Back to the future?
When I was in full-time parish ministry, I had a regular routine of preaching preparation. I preached most Sundays, and my week was structured around my discipline of sermon-writing. It began on Tuesday morning, when I would read the scripture selections for the coming Sunday and jot a few notes. On Wednesday afternoon, I would return to the notes, and do whatever exegetical work seemed to be called for — consulting commentaries and other references, in recent years more on the Web than through books. (Thank you, textweek.com!) Sometime on Thursday, I would try to sketch some general ideas for the actual sermon. On Friday afternoon, I would close the door and begin writing. I usually had a working copy done by 4:30 PM. I would do a final set-up of my stuff for Sunday, and go home to enjoy my Saturday day off with my spouse. On Sunday, I would re-read the text before services, correcting any obvious egregious errors, and then I was ready.
That was the essential structure of my week, something that became not just a way of organizing my vocational life, but the heart and soul of my spiritual life. I believe the essential discipline of preaching is “engaging the scriptures,” to use Thomas G. Long’s felicitous phrase. If the preacher has been immersed in the text, and has been seriously engaged in exploring its depths, it can not help but show in the pulpit.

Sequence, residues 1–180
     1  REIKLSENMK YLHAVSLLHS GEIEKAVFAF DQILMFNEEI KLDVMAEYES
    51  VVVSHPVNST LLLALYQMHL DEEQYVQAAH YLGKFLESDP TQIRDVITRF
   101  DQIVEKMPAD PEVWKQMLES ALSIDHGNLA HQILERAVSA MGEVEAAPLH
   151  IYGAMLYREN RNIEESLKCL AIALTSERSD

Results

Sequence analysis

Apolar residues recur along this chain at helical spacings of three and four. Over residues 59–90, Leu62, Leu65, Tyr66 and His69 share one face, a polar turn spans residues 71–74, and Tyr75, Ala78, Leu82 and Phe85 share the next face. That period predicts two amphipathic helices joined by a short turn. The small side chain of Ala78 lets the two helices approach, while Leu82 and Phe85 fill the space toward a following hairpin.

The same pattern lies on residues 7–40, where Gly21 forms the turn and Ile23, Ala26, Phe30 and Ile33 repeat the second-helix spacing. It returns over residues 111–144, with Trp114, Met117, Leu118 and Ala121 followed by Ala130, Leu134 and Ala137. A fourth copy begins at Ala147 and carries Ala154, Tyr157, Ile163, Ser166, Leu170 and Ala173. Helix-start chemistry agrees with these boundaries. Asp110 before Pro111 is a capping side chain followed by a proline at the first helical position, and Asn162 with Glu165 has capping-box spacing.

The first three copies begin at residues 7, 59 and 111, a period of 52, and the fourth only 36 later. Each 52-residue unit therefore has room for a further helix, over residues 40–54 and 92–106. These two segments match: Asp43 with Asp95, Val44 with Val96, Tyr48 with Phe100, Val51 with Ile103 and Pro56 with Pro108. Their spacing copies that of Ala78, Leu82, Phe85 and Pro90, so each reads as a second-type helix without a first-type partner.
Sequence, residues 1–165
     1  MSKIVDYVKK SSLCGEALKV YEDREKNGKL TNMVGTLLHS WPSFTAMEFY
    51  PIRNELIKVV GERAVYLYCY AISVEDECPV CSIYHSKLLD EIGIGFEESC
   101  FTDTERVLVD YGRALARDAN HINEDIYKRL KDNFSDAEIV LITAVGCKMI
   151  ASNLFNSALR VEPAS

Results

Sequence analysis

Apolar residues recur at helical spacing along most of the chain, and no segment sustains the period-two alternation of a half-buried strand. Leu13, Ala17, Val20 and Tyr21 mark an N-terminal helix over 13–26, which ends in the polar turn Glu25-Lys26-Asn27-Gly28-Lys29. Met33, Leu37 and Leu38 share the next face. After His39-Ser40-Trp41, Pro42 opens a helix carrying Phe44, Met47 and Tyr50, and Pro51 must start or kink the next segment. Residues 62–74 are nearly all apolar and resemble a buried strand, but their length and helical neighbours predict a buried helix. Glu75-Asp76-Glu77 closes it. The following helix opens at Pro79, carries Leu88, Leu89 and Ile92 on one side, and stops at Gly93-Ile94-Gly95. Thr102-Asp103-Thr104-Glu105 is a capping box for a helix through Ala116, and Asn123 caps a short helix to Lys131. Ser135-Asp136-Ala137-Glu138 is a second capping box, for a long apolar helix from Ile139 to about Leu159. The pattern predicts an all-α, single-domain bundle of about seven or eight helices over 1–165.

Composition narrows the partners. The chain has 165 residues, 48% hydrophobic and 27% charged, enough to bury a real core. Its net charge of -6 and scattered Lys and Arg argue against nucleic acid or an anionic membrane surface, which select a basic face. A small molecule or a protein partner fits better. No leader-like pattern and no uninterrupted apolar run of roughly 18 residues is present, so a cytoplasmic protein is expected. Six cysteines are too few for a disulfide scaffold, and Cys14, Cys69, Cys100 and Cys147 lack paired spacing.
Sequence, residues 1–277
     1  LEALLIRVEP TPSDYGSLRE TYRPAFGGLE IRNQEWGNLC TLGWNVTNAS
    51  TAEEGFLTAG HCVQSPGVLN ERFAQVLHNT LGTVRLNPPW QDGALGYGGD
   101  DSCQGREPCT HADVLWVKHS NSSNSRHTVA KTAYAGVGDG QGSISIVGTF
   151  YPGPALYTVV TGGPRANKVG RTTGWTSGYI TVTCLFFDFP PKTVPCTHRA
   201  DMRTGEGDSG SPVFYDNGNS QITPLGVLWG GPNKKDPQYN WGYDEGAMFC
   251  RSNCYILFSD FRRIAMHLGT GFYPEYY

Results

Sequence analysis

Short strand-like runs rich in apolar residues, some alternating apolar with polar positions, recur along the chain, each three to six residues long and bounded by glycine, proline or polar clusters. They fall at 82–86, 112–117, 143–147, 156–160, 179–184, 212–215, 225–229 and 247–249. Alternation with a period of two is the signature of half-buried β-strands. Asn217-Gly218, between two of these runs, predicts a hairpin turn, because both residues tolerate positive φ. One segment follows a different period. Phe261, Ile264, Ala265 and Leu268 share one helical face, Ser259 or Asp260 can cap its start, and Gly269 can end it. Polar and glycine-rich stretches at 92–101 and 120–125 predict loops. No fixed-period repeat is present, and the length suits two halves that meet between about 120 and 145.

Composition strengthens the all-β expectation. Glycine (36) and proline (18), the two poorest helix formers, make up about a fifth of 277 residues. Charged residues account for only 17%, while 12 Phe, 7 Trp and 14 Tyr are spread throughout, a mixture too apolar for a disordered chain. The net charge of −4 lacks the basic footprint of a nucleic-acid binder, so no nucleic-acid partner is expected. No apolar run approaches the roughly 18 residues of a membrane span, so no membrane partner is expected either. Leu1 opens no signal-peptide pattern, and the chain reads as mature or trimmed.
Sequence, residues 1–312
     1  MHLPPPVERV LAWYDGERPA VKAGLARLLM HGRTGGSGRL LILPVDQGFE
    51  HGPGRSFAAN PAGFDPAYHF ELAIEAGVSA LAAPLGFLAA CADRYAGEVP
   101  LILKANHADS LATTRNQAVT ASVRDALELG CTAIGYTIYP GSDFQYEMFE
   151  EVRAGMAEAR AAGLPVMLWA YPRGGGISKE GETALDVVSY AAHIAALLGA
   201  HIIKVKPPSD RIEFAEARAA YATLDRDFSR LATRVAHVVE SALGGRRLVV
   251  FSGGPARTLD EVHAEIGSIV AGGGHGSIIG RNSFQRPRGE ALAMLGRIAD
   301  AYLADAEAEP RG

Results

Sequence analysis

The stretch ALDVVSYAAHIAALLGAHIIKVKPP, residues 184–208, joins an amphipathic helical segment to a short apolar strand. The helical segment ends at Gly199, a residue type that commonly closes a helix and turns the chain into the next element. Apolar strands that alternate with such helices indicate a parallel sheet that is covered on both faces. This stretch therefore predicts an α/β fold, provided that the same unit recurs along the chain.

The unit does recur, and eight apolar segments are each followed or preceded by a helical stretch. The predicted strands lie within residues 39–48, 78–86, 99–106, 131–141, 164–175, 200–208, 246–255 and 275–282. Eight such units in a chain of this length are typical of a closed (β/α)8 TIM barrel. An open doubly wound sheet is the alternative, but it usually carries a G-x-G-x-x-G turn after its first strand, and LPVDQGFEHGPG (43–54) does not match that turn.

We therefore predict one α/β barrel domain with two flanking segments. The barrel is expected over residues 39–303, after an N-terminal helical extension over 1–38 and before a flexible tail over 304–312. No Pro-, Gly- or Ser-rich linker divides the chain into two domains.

Because I no longer have that scriptural framework for my week, I have been forced to re-discipline my spiritual life. That’s another story for another time — it’s actually still in formation.
The change in the rhythm of life has changed how I prepare for preaching. When I was a pastoral intern at St. John’s Cathedral, Saskatoon in 1986, my supervisor gave me preaching dates long in advance. I had the luxury of extended preparation time, and each of the sermons I gave there was pretty polished — perhaps too much so! I became aware that it was a little too easy to edit out spontaneity and feeling.
When I entered into full-time parish ministry the next year, the shock of weekly preaching forced me to develop the disciplined approach I already described. No-one told me how hard that would be at first… and no-one told me how much I would come to rely on it.
I’m preaching again, three times in the next two and a half months. I began working on the first of the three this morning, a date more than two weeks away. The long horizon reminded me of my internship, and the careful prep. that I did then. I pray that I will not be over-prepared for these dates, but will be free to speak spontaneously from the structure that my written text will give me. We shall see.
My internship was 27 years ago. I am certainly not the same person today as the rather nervous student who first stood in that pulpit in Saskatoon, Pentecost, 1986. And I’m not the same as I was on June 23 last year, when I last preached at St. Matthew’s in Brandon.
Things come in circles. I have the luxury of preparation time, and I also have the advantage of years of experience. All I pray is that I will be given the grace to be an effective minister of the word for the people of Holy Trinity.